Stop. Whatever you’re doing right now; please, just stop.
I need you to take two deep breaths. I need you to take four steps back. Look at the scene in front of you. Look at the problem you’re trying to tackle. Perhaps you’ve just joined a new company and you’re trying to figure out what to do. Or maybe you just started a new relationship, and are overwhelmed by all of the potential paths forward. Maybe you’re analyzing a marketing campaign, or doing a review of a product you’re working on.
Whatever situation you’re in, I need you to pump the brakes for a second. I need to ask you a simple question: Have you perfected the basics?
Focus On The Basics
Yes–the basics. If you’re working on building an app, the basics are speed, reliability, and usability. If you’re creating a new store, the basics are hiring, selection, layout, and checkout. If you’re working on your health, the basics are diet, sleep, and exercise. Every single pursuit has a core set of basic building blocks that, when in place, get you 95% of the way towards perfection. Everything else is a minor optimization.
How many times have you heard a friend, or family member, talk about how they need to focus on their health? This person probably told you about how they needed to join a gym or order P90x (or some other exercise program). Maybe they told you about some fancy new diet they were thinking of trying (“No meat after 8:00PM!”), or the new supplements they had just purchased. That’s all fine. But if they just focus on the basics, getting eight hours of sleep a night (sleep), eating a variety of whole, non-processed foods (diet), and walking for more than 10,000 steps a day (exercise), they’ll get 95% of the way towards their end goal.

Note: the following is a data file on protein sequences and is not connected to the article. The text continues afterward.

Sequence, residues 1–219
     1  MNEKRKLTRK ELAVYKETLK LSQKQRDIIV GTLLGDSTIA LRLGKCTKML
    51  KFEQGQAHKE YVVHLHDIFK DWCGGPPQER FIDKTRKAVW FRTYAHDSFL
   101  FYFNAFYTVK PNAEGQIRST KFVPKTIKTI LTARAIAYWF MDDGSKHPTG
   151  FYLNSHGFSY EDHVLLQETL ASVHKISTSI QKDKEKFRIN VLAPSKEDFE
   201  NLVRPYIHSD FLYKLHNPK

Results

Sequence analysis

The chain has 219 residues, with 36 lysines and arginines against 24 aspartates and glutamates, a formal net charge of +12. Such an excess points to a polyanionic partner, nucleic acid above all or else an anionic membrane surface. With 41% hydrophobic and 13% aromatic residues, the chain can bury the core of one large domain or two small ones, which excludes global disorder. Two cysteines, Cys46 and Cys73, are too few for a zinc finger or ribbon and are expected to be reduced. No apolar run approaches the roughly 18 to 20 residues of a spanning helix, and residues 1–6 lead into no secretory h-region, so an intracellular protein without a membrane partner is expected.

Similarly, most products consist of just a couple of important features that need to be done really, really well. However, product teams love adding new feature upon feature–even before the most important, basic elements of the app have really been perfected. They will even break the basic elements if it means they can create a really cool new feature or two.
Uber’s Recent Mistake
The newly re-designed version of Uber’s application serves as a great case study for what happens when you don’t focus on the basics. In order to introduce a sleek new map UI, and a new feed-UI, the company made it dramatically harder to request a car to the right location. The new version of the application requires users to first enter their desired location (instead of their current location, which was the previous default), and then makes a best guess of where you currently are. While this auto-chosen location is usually correct, it’s off about 20% of the time (in my experience), leading to frustration on the part of the drivers–and causing me to sprint more than I have since I was a part of track & field in high school.
Not only is this app confusing to riders, but it seems to be making the lives of drivers dramatically harder. In almost every single ride I’ve been in over the last two weeks, I’ve heard drivers complain of the app “being buggy” and “acting strangely”. Obviously the new version of the application introduced some new glitches (as is the case with most new releases). However, the entire point of Uber is to get passengers from point A to point B. The core of that process is making it quick and easy for passengers to request a car to the right location–and to enter a destination (if they have it on hand). With the new release, Uber gained a sleek new UI, but it diminished the app’s core basics. That’s a bad deal.
No matter what you’re working on, whether in business or in life, make sure to always keep your eye on the basics. The basics, well done, get you 95% of the way there. While new features and diversions can be fun, it’s the basics that really get the wheel of success rolling. So whatever you’re doing, stop. Take a breath and ask yourself: “Have I perfected the basics?”.